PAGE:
If you have the skin condition psoriasis, there’s a chance you could also develop psoriatic arthritis. Up to 30% of psoriasis patients will eventually develop psoriatic arthritis, which causes pain, swelling, and stiffness in the joints. The condition usually appears between the ages of 30 and 50 (although it can also start in childhood), and both men and women are equally at risk.
Both psoriasis and psoriatic arthritis are autoimmune diseases, meaning they result when your immune system attacks your body, triggering inflammation. In the case of psoriasis, the immune system attack affects the skin, resulting in raised red, white, or silvery patches. With psoriatic arthritis, the immune system attacks the joints, usually those in the fingers, toes, ankles, knees, wrists, or even the neck and spine.
Many psoriatic arthritis symptoms are similar to those of other forms of arthritis, which can make the condition difficult to diagnose. Like osteoarthritis, psoriatic arthritis can cause painful joints. But osteoarthritis pain usually is a result of cartilage on the joints wearing down and rubbing against each other. Psoriatic arthritis is caused by inflammation in and around the joint and is sometimes mistaken for rheumatoid arthritis, another autoimmune disease with similar symptoms.
Experts are still trying to figure out what, exactly, causes psoriatic arthritis.
“It probably does have some sort of genetic underpinning,” says Kevin McKown, MD, head of rheumatology at the University of Wisconsin School of Medicine and Public Health, adding that environmental factors usually also play a role.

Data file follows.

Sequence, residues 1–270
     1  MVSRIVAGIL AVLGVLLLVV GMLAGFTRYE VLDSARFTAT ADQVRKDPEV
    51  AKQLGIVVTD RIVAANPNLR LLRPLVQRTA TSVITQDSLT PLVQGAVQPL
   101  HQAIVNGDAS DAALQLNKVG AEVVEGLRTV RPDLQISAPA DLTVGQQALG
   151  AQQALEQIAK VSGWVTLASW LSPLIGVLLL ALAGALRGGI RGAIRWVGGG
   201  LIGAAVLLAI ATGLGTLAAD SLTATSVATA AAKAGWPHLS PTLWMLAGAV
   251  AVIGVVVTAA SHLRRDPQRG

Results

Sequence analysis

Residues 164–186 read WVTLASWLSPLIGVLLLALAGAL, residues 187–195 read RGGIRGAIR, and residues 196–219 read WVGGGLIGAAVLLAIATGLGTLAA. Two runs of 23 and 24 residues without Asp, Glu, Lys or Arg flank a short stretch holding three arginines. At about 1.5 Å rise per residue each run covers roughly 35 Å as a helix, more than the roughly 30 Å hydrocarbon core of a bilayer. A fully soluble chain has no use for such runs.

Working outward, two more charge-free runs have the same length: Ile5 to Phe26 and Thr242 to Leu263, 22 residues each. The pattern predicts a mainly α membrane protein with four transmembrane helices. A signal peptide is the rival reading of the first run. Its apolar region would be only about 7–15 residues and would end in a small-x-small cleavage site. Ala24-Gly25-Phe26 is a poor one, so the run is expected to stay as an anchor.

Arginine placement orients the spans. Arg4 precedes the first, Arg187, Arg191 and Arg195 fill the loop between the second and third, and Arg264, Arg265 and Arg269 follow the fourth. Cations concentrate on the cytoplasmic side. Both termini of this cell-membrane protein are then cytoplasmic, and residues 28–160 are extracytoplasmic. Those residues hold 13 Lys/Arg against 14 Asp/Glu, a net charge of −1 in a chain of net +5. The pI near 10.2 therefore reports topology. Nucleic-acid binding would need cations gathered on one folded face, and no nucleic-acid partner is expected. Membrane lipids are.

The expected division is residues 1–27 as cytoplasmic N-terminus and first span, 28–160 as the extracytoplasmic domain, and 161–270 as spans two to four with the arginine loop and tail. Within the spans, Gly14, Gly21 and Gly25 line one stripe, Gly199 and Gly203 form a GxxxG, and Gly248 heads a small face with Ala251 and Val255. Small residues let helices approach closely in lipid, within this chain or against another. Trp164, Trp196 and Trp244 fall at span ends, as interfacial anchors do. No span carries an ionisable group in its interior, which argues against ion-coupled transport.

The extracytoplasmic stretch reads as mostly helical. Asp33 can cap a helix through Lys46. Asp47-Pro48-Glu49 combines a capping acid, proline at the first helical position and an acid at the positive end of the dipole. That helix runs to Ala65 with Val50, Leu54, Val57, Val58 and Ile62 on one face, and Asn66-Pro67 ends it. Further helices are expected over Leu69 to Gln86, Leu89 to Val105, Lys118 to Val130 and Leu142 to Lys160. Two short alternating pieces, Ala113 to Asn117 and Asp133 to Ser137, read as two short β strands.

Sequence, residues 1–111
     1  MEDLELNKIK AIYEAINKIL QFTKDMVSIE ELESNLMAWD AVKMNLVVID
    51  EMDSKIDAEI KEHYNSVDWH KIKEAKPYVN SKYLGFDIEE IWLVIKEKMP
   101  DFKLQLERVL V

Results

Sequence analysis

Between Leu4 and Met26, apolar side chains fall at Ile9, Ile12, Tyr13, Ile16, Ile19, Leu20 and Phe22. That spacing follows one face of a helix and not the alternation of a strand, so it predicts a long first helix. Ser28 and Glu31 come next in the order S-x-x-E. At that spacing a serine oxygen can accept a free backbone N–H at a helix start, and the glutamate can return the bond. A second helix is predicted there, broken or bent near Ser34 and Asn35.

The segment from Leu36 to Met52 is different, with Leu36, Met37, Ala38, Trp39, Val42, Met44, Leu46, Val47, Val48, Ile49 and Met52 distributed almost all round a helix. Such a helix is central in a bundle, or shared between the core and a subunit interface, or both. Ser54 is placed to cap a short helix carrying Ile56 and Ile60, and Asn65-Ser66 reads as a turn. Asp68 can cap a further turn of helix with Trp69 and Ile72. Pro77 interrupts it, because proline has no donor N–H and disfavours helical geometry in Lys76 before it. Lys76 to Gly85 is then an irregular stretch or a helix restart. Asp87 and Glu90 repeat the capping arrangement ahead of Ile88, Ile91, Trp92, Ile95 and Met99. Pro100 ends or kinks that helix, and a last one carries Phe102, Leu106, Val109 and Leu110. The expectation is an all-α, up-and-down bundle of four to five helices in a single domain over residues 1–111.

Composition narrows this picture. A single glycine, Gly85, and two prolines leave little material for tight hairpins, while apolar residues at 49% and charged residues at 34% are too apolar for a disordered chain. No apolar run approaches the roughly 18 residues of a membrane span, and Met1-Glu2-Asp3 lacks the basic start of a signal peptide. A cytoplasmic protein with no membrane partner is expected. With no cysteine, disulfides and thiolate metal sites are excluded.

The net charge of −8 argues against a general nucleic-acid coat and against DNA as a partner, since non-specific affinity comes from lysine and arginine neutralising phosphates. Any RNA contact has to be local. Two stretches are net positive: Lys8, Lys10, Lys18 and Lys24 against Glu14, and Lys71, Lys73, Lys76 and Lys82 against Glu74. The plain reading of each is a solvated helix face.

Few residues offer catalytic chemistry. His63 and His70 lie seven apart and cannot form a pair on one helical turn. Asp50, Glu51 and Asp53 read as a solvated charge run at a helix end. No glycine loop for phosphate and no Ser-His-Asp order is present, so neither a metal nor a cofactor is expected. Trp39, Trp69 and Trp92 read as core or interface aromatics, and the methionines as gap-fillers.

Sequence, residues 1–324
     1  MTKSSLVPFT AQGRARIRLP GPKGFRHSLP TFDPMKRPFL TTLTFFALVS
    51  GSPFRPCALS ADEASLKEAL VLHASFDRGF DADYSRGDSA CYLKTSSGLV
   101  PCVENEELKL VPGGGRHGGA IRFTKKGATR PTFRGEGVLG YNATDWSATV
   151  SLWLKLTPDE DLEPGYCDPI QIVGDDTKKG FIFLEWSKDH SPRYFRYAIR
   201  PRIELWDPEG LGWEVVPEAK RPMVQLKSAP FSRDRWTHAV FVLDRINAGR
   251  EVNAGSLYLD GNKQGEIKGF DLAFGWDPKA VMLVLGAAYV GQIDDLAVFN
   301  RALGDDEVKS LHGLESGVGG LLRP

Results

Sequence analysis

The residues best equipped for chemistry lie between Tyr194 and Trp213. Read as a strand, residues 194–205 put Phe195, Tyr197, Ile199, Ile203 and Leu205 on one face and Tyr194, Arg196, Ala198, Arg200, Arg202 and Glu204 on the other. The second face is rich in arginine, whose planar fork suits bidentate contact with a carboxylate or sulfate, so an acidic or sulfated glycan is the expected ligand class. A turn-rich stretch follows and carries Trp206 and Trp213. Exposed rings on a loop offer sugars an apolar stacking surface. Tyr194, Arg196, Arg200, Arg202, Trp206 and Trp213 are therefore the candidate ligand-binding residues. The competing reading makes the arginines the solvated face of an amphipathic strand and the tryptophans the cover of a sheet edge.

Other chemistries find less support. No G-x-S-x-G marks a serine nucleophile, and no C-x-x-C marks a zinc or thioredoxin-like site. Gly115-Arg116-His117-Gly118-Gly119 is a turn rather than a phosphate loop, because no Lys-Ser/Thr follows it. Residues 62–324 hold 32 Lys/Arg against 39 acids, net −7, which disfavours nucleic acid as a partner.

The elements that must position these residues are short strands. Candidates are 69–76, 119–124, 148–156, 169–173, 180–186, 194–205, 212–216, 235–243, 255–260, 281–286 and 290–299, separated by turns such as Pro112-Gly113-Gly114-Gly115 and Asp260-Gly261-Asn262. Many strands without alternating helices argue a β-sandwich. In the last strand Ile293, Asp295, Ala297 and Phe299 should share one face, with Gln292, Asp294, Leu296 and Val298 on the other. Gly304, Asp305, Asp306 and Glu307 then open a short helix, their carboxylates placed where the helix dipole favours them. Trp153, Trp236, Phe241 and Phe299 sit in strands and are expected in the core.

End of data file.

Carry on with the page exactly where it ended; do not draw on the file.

Having psoriasis is obviously the main risk factor for developing psoriatic arthritis, although it is possible to have psoriatic arthritis without skin psoriasis. Being obese may also increase your risk.
“Some of that may be that adipose [fat] tissue promotes inflammation,” says Dr. McKown.
Once psoriatic arthritis is identified—usually by looking at a patient’s medical history and X-rays—it’s important for patients to begin treatment right away, since the condition can lead to permanent joint damage over time. Psoriatic arthritis can also raise your risk of other health conditions, such as cardiovascular disease and depression.
Mild psoriatic arthritis may benefit from simple lifestyle changes (for example, moderate exercise) and over-the-counter nonsteroidal anti-inflammatory drugs (NSAIDs), such as ibuprofen (Mortrin and Advil) and naproxen (Aleve). More severe cases usually require stronger drugs, such as disease-modifying antirheumatic drugs (DMARDs) and biologic therapy.
Dr. McKown explains that some studies have shown that controlling inflammation in rheumatoid arthritis helps a person live longer and with fewer cardiac events—and this could offer hope for psoriatic arthritis patients, as well.
“We don’t know yet if this is the case for psoriatic arthritis, but it makes sense,” he says.